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Costco Wholesale Corp. ("COST" or the "Company") is a very well managed U.S.-based membership warehouse concept with about 488 stores worldwide. While COST is a great company, its valuation appears to imply COST is immune to the headwinds facing the broader retail sector. Given these potential challenges, COST investors could sustain losses should the Company underperform the aggressive expectations impounded into the Company's current valuation.

For attractive short candidates, I generally prefer to identify companies that can potentially "break." Such companies have specific issues related to their financial statements or capitalization that can become a significant obstacle to furthering equity value. COST doesn't have any of those issues, and is in fact an excellent retailer. Nonetheless, I believe the macro trends in retail will eventually adversely influence COST's operations, resulting in compression across its lofty valuation multiples relative to its broader comparables illustrated in Table I. The adjusted metrics include just Wal-Mart Stores ("WMT"), Target Corp ("TGT"), and BJ's Wholesale Club ("BJ"), generally considered COST's direct peers.

TABLE I: COST's PUBLIC COMPARABLES (click to enlarge)

The Company's latest results were somewhat underwhelming with net income actually decreasing and EPS increasing due to COST's share repurchase program. However, investors have been generally impressed with COST's consistent comparable sales performance but the Company's product mix may be overstating current comp store sales figures considering that 30% of COST sales are from food products which have been experiencing significant inflationary pressures.

The Company's current valuation prices in expectations that consistent comp store sales growth will persist in the coming years and that operating margins will expand through both gross margin expansion (50 basis points over a few years) and SG&A leverage. COST's latest gross margins were about 10.6% when excluding one-time items, exceeding 2006 gross margins by 3 basis points. According to the Company, this improvement was due to performance in food sales which offset declines in hardlines and softlines. This supports the notion that food inflation is a real contributor to operating performance and can be masking softness in COST's operations.

The minor improvement in gross margins demonstrates just how well-run COST is and as a result, how difficult squeezing more in terms of gross margins will be for the Company in a challenging retail environment. COST's gross margins have generally been declining in recent years while SG&A operating leverage has dropped, resulting in declining EBIT margins. The retail environment in those prior years was more favorable than it is now, which could make one skeptical of management's ability to improve gross margins by such a significant degree in the coming years. Yet those expectations are driving the sellside's models and investors' expectations.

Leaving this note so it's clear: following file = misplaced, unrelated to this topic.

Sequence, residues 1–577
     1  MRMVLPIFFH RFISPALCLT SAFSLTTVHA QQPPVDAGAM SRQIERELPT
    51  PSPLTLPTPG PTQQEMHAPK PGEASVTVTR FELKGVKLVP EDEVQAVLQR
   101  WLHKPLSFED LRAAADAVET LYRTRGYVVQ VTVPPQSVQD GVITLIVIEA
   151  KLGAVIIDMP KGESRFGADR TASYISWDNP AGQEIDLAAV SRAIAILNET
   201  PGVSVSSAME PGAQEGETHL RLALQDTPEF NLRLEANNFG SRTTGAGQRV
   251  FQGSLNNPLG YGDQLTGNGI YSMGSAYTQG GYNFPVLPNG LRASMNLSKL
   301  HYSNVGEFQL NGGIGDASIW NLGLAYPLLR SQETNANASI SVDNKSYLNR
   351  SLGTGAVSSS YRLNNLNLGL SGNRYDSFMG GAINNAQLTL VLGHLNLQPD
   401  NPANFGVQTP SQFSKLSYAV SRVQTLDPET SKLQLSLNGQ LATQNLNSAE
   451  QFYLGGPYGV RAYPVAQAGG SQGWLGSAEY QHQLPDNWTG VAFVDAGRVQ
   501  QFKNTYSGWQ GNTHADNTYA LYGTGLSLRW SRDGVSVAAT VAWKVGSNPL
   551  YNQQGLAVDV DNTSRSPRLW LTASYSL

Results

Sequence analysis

Results and commentary from the retail sector suggest a challenging U.S. environment and irrespective of how strong COST is in terms of operations, it's very difficult to believe that it can outperform or even match valuation expectations when other skilled competitors have struggled. Those competitors have experienced valuation discounts across EPS and EV/EBITDA multiples in the past year as the Street incorporates reality into its models. For example, TGT, which caters to a generally middle class consumer has seen EV/EBITDA and P/E multiples shrink by 20+% reflecting slower margin expansion and earnings growth. COST's expectations are very aggressive in this environment and any miss or signal that suggests a reduced outlook could result in a valuation correction for COST shares. This has been occuring with many larger retail stocks that already trade at - in some cases - all time lows in terms of valuation multiples.

Table II: COST's EPS & EV/EBITDA SENSITIVITY (click to enlarge)

All too often the Street comes up with overly aggressive estimates and then pegs a lofty valuation multiple to justify a current valuation target (i.e. "company X is undervalued against our EPS estimate of $2.00 multiplied by a conservative P/E multiple of 30.0x). What is rarely (if ever) considered is the possibility of valuation contraction. Table II provides a sensitivity analysis based on COST's EPS and EBITDA multiples. These are my estimates which may be slightly below the general consensus. However, the corresponding net income margin and EBITDA margins are multi-year records, demonstrating that these are still aggressive estimates. If COST begins to experience lower comp store sale growth or has a few quarters that underperform expectations, the Company's valuation multiples could experience a considerable discount to reflect a lower growth environment. This is not far fetched when one considers the massive valuation compression that occured with WMT in recent years and now appears to be occuring with TGT and even Starbux ("SBUX").

Another COST-specific risk is that COST, like TGT, is largely US-based with 93% of sales generated in the US and Canada. In addition, nearly 30% of COST sales are from California, which has generally experienced economic turbulence after prior housing busts. This combination of economic headwinds for a US-centric operation, lofty operating expectations, and a significant valuation premium across peers make COST an appealing short in the coming year.

Disclosure: Author manages a hedge fund that is short COST

Source: Shorting Costco On Valuation and Discount Retail Trends